Astronomers get best and earliest view of supernovae ever


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Using ground-based telescopes as well as the space telescope Kepler astronomers have obtained their best and earliest view of a Type Ia supernova.

The supernova, named SN 2018oh, was brighter than expected over the first few days. The increased brightness is an indication that it slammed into a nearby companion star. This adds to the growing body of evidence that some, but not all, of these thermonuclear supernovae have a large companion star that triggers the explosion.

Las Cumbres Observatory (LCO), based in Goleta, California, is a global network of 21 robotic telescopes that obtained some of the best data characterizing the supernova in support of the NASA mission. Wenxiong Li, the lead author of one of three papers published today on the finding, was based at LCO when much of the research was underway. Five other LCO astronomers, who are affiliated with the University of California Santa Barbara (UCSB), also contributed to two of the papers.

Understanding the origins of Type Ia supernovae is critical because they are used as standard candles to map out distances in cosmology. They were used to discover Dark Energy, the mysterious force causing the universe to accelerate in its expansion. Astronomers have long known that a supernova is the explosion of a dense white dwarf star (A white dwarf has the mass of the sun, but only the radius of the Earth; one teaspoon of a white dwarf would weigh roughly 23000 pounds) What triggers the explosion is less well understood. One theory holds that the explosions are the merger of two white dwarf stars. Another is that the second star is not a white dwarf at all, but a normal-sized or even giant star that loses only some of its matter to the white dwarf to initiate the explosion. In this theory, the explosion then smashes into the surviving second star, causing the supernova to be exceedingly bright in its early hours.

Finding that Type Ia supernovae can be brighter than previously believed throws a wrench into the results that discovered dark energy, since those results made assumptions about the brightness and thus the distance of those supernovae. If the brightness of these supernovae are not as reliable as expected, they are also less of a standard candle for estimating distance.

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8 comments

  • Lee S

    Giving it all a long think…. Would faults in the the reliance of supernovers as standard candles make more sense than dark energy?
    I smell new physics on the horizon…

  • wayne

    Lee S-

    You might like this:
    –a good overview-
    Terence Tao: The Cosmic Distance Ladder
    UCLA 2010
    https://youtu.be/7ne0GArfeMs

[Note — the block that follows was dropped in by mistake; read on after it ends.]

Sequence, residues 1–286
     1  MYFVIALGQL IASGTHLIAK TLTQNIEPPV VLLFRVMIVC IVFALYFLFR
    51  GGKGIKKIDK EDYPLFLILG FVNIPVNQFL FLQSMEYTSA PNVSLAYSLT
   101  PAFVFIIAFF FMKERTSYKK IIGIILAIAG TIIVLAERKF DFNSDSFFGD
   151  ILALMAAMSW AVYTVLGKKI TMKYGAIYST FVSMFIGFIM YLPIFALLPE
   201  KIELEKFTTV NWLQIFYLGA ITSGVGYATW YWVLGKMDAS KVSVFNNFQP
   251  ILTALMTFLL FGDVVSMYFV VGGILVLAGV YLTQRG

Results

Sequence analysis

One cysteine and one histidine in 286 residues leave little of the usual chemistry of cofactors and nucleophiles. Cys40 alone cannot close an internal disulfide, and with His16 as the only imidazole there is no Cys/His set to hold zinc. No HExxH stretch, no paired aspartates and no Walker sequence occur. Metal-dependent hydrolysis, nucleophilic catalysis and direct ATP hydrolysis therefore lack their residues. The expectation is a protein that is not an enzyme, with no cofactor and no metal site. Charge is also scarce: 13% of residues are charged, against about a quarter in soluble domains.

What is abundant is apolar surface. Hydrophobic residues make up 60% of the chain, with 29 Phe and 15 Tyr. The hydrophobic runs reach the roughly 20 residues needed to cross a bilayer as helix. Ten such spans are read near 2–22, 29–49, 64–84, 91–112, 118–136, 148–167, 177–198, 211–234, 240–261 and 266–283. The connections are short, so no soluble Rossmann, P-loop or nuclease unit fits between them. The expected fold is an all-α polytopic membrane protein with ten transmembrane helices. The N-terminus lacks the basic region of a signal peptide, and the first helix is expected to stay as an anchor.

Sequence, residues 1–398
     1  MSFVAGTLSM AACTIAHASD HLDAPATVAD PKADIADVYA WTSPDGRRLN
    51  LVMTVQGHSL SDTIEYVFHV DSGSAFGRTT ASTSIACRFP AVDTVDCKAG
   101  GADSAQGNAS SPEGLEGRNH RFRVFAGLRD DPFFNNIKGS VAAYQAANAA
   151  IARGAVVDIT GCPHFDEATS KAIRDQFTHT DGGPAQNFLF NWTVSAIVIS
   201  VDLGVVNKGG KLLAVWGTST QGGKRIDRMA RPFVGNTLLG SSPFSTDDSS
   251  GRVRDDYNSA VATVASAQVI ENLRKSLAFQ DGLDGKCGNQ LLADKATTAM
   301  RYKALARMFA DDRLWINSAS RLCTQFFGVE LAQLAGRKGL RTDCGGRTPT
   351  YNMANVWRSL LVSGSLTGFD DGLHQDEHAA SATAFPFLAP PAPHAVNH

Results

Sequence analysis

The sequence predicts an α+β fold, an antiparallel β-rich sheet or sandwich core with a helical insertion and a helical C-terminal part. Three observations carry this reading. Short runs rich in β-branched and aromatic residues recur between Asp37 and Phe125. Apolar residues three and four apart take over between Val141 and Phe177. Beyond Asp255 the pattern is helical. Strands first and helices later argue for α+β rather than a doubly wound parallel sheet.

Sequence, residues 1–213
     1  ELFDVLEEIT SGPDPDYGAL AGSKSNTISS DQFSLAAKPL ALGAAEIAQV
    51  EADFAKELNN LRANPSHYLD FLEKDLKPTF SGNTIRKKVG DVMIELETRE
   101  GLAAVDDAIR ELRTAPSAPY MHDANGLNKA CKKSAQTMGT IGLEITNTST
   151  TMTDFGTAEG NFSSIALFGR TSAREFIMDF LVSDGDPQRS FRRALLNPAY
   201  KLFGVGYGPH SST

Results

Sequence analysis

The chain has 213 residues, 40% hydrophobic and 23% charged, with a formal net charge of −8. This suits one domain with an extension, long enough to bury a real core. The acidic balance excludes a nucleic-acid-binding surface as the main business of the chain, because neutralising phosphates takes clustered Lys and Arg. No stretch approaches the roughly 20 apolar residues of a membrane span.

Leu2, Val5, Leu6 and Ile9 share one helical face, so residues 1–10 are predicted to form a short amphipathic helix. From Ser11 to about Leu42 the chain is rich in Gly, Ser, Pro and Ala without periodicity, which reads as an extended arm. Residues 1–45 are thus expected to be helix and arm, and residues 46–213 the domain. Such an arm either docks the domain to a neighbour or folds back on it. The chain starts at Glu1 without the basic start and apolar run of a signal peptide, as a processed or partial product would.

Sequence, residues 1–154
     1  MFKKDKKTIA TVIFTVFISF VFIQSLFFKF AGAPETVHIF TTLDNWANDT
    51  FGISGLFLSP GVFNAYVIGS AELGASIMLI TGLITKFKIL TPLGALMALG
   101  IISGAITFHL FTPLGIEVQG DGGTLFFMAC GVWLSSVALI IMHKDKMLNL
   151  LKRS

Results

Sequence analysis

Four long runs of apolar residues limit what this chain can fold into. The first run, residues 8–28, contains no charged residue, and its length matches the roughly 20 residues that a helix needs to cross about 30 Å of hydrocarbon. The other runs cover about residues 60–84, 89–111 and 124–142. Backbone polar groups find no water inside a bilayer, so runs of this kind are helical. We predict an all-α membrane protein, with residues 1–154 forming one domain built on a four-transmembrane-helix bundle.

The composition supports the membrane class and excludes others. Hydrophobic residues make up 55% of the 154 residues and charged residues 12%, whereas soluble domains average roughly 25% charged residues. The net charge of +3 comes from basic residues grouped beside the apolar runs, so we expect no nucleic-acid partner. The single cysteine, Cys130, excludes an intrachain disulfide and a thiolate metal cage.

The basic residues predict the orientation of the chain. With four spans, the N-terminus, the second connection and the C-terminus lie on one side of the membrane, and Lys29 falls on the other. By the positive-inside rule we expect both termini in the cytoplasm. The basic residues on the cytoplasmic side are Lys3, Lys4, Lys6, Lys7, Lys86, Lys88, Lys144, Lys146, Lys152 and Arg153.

1:16:15

    Interesting factoids-
    Estimate (2004) diameter of the entire Universe= 78 billion light-years.
    Most distant object detected (gamma-ray burst) = 13 billion light-years.
    Diameter of observable Universe= 28 billion light-years.

  • wayne

    Just for Fun:

    Pink Floyd –
    Speak To Me & Breathe
    https://youtu.be/Z-wKXP7s2gY
    7:14

  • wayne

    Pink Floyd –
    “Set The Controls For The Heart Of The Sun”
    >paired with some very nice “Mars Direct” animation
    https://youtu.be/a9ntxCcjVjE
    9:47

  • Lee S

    Wayne….. Thank you for the link…. I had plans on going to.the pub tonight…. But stayed home, chugged a couple of glasses of wine and watched this lecture… Fascinating stuff! Thank you!

  • wayne

    Lee S:
    (are you in Canada? I forget.)

    -You might enjoy this Roger Penrose lecture as well (–even if you don’t like his conclusions or his Conformal Cyclic Cosmology theory–) he does an excellent job setting up his proposition, and explaining how he arrived at it. Lots-o-great factoid’s– his discussion of light-cones alone is worth it. (and explains how the diameter of Universe can be “78 billion L-Y” while only being 13.7 billion years old.)
    (– he’s the Master of the Overhead Projector and does all his own slides–)

    Sir Roger Penrose,
    “Aeons before the Big Bang”
    (Copernicus Center Lecture 2010)
    https://youtu.be/4YYWUIxGdl4
    1:57:35

  • Lee S

    Thanks Wayne… That’s another evening at the pub I missed!! :-)
    I need to re watch the last half… My whisky glass got refilled a little too much….
    I’m so glad that that Minds immeasurably superior to ours ;-) are pondering the huge questions….

  • wayne

    Lee S-
    (Get yourself some Crown Royal Extra Rare, and stay inside for the Winter!)

    Personally, I enjoy Dr. Penrose immensely. (He is however getting older, very fast. You can see the difference between his 2010 presentations, and his more recent talks.) I’m all-in, on Conformal Cyclic Cosmology, it’s very elegant, he addresses the entropy problem, and it doesn’t rely on inflation.
    If you want further mind-boggling stuff from him, search his “palatial twister theory,” and/or “forbidden crystal symmetry.”

    His most current book is:

    “Fashion, Faith and Fantasy in Physics
    Sir Dr. Roger Penrose 2017
    https://youtu.be/iH4XJHJ8AOw
    1:03:45

    “Can the following of fashion, blind faith, or flights of fantasy have anything seriously to do with the scientific quest to understand the universe? Surely not – but Roger Penrose argues that researchers working at the extreme frontiers of physics are as susceptible to these forces as anyone else, and that fashion, faith, and fantasy, while sometimes highly productive in physics, may be leading today’s researchers astray in three of that field’s most important areas—string theory, quantum mechanics, and cosmology.”

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